New Polymer Additive May Improve Plastic Recycling, Lead to New Materials

Thursday, May 25, 2017

Source: Design News

With the growing awareness that discarded plastic and the need to recycle it are becoming an overwhelming ecological problem, researchers are trying to find ways to reuse the plastic that already exists and limit the use of the material or find more eco-friendly alternatives.

To the former end, a researcher at Cornell University has led a team that’s developed a new material that solves a significant problem that’s been hindering plastic recycling.

Geoffrey Coates, a professor of chemistry and chemical biology at Cornell University, often begins discussions about plastic recycling by pointing out that a mere 2 percent of plastic is currently recycled, he said. That means nearly a third of it goes into the environment, 14 percent is used in incineration and/or energy recovery, and a significant 40 percent ends up in landfills.

These disheartening numbers about plastic recycling inspired Coates to seek better ways to recycle plastic. One of those has been through a collaboration with the University of Minnesota in which researchers developed a multiblock polymer that, when added to a mix of two of the world’s top plastics, creates a new and mechanically tough polymer that solves an existing problem.

That issue—which has plagued recycling for years--is that Polyethylene (PE) and polypropylene (PP), which account for two-thirds of the world’s plastics, have different chemical structures and historically could not be repurposed together because the technology to meld them together wasn’t available.

That could change thanks to what the Cornell-University of Minnesota team has achieved. When a small amount of the tetrablock, or fourblock, polymer created by the team was added to alternating polyethylene and polypropylene segments, the resultant material has strength superior to diblock, or two-block, polymers they tested. The results are something that many researchers have been trying for years but haven’t managed yet, they said.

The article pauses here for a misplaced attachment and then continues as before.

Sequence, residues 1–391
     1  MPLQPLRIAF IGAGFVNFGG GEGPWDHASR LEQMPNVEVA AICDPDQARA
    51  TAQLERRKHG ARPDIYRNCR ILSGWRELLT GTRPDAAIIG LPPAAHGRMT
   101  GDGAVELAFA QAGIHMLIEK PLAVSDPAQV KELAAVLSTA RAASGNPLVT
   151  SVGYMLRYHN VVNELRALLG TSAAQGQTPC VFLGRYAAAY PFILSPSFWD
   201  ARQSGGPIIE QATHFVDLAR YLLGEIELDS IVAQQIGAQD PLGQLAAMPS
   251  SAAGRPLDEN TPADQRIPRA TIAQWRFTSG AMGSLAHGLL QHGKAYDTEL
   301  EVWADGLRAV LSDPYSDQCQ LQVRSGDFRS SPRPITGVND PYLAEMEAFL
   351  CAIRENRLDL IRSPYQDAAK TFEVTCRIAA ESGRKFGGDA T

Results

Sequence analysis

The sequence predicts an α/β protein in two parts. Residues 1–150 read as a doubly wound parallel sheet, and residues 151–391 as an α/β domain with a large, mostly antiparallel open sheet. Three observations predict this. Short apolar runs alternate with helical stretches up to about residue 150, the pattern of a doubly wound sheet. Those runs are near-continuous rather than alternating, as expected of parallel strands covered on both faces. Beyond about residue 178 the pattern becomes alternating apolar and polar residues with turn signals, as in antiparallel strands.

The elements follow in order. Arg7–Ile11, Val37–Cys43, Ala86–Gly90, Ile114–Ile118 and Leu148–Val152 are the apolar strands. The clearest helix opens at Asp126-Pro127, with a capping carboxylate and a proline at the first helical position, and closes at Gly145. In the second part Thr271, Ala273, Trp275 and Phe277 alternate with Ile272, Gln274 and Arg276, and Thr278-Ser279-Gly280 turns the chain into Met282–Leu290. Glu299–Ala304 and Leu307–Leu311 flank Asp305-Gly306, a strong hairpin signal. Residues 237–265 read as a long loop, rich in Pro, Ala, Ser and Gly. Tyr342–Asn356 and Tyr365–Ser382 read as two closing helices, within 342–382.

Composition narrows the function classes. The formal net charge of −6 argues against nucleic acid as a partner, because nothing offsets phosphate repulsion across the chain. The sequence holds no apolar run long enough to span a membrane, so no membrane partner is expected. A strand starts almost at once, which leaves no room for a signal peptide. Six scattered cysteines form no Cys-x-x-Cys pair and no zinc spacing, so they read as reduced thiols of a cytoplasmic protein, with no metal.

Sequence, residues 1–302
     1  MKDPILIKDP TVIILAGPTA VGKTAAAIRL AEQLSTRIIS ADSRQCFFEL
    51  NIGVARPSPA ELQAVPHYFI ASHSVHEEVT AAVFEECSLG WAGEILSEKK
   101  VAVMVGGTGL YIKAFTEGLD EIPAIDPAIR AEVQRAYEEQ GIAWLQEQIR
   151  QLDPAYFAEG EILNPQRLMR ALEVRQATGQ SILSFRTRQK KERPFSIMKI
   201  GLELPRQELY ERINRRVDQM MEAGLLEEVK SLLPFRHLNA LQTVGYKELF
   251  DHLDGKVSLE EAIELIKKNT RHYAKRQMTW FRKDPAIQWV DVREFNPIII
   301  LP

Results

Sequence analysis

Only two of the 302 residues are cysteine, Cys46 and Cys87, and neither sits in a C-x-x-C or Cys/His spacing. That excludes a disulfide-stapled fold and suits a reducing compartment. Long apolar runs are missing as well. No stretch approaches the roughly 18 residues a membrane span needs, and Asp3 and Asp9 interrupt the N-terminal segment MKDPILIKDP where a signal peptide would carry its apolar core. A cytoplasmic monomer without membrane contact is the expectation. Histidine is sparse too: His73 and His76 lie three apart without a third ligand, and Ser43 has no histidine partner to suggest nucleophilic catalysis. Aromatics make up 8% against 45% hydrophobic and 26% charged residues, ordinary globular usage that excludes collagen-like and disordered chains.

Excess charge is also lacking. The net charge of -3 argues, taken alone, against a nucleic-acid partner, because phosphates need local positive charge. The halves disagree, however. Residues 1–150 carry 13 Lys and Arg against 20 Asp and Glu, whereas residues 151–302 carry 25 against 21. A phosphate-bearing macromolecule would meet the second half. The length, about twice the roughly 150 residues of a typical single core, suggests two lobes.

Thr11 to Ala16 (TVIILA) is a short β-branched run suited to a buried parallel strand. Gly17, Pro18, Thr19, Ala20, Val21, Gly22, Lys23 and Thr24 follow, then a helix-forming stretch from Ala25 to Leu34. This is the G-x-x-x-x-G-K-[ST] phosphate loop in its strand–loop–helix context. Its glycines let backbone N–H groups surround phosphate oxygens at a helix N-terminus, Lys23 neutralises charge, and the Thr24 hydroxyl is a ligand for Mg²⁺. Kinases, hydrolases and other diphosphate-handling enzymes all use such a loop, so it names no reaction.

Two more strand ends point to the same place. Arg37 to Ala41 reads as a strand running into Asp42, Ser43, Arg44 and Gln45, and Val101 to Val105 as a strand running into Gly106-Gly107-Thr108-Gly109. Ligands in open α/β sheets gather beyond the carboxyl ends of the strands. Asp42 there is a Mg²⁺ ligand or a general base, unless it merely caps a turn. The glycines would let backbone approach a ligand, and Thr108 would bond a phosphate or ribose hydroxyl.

To test the material, the team welded together two strips of plastic using different multi-block polymers as adhesives, then pulled them apart mechanically. The welds made with diblock polymers failed relatively quickly, but the weld made of the group’s tetrablock additive held so well that the plastic strips broke instead.

While researchers have achieved similar results before, typically they will use 10 percent of a soft material, so the result doesn’t have typical plastic properties and normally is not quite as good as the original, Coates said.

“What’s exciting about this is we can go to as low as 1 percent of our additive, and you get a plastic alloy that really has super-great properties,” he said. 
In addition to holding promise for a new type of recycled plastic from existing plastics, the new polymer also could allow for the development of a brand new class of mechanically tough polymer blends, according to the team. This will allow typical objects and containers made with plastic to be fabricated with less material, creating a more sustainable solution, researchers said.



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